- 12/04/2014 - Half the Sky's NICHOLAS KRISTOF / A Path Appears
- 11/25/2014 - 'Read and Share' Book Club
- 11/18/2014 - UC Berkeley Department of Theater, Dance and Performance Studies presents REGENTS' LECTURE: LUIS VALDEZ
- 11/13/2014 - Presidential Inaugural Poet RICHARD BLANCO / The Prince of Los Cocuyos
- 11/10/2014 - London's School of Life's ROMAN KRZNARIC / Empathy
Daily Archives: February 9, 2011
Berkeleyans take up latest coffee trend: roasting your own [Mercury News]
Berkeley considers asking Guantanamo detainees to move in [SF Chronicle]
UC Berkeley partners with local caterer for eat well campus program [PR Web]
An end of an era as Blake’s on Telegraph closes [Mercury News]
Performance Bicycle to open store on University Avenue [SF Bay Area Today]
William Brinner, scholar of near Eastern studies, dies at 86 [UC News Center]
Berkeley man arrested for four cases of sexual battery in Albany [Albany Patch]
Photo by Joe Parks/Berkeleyside Flickr pool.
As one prestigious theater company holds a star-studded première in Berkeley, another will be holding its last performance ever in our fair city.
The US première of Eonnagata, produced by Robert Lepage and his Quebec based Ex Machina theatre company, legendary French dancer Sylvie Guillem and British choreographer Russell Maliphant, will be at on stage at Zellerbach Hall tonight and tomorrow night, and there are still some tickets left at time of writing.
Eonnagata explores the life of Charles de Beaumont, an 18th-century French diplomat, soldier and spy, whose career exploits and fluid gender identity — he lived half of his life as a man and half as a woman — made him an audacious yet enigmatic figure.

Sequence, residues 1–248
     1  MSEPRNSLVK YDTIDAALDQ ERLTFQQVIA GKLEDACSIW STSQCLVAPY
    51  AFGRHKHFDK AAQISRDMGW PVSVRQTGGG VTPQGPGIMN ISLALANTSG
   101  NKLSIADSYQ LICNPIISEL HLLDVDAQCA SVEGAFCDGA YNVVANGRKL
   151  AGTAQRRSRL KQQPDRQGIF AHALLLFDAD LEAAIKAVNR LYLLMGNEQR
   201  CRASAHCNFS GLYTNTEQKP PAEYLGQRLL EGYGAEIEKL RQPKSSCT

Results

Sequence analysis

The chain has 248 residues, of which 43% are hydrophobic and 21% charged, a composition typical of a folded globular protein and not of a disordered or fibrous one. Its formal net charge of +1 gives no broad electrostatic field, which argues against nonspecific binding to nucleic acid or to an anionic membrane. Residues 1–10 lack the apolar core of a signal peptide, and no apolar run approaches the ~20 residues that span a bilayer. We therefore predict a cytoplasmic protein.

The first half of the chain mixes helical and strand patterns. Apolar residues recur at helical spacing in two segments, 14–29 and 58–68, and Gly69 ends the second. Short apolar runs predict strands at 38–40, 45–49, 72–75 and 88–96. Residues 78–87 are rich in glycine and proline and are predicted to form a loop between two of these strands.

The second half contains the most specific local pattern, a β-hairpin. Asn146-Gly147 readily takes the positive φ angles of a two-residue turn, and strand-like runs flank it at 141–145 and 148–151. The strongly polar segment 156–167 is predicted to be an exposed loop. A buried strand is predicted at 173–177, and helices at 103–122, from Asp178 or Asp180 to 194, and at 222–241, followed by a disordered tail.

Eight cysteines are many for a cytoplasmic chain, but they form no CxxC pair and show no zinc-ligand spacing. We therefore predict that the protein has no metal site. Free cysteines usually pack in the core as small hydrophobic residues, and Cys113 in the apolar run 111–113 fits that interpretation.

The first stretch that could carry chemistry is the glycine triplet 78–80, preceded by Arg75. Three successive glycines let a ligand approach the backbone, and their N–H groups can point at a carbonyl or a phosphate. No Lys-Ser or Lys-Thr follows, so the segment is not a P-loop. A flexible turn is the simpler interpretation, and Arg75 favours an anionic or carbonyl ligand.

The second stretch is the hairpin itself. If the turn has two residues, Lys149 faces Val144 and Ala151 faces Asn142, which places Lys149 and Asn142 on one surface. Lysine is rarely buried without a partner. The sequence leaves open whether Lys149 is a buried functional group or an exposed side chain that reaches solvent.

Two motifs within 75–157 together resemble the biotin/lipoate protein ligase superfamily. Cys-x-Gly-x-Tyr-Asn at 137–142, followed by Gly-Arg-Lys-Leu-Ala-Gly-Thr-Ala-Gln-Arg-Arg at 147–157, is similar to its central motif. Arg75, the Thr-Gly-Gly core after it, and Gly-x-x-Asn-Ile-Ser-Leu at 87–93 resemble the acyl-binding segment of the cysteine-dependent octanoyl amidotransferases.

Meanwhile, the renowned Merce Cunningham Dance Company celebrates its founder on March 3-5, also being presented by Cal Performances at Zellerbach Hall, as part of the company’s Legacy Tour — and will be the last time the troupe will dance in Berkeley. … Continue reading »
It’s been four months since the Berkeley Patients’ Care Collective on Telegraph Avenue received formal notice that it owes the state $639,000 in back taxes, yet the group still doesn’t know how it is going to pay its bill.
The medical cannabis group, which has deliberately kept itself small to retain its customer-friendly atmosphere, sells about $1.8 million of medical marijuana each year, according to its manager Erik Miller. While that might sound like a lot, by law the group cannot make any profits. Those funds just pay for the cannabis, the rent, and the salaries of 11 employees. There are no hidden or stashed funds with which to pay back the government, he said.
“That’s the perception, that we are rolling in money here,” said Miller earlier this week. “It’s not true. I drive an 18-year old car.”
Complicating factors are the new taxes that Berkeley is imposing on its three dispensaries. The Patients Care Collective must pay a 2.5% tax on the cannabis it buys and a 2.5% tax on the cannabis it sells – on top of the state’s sales tax.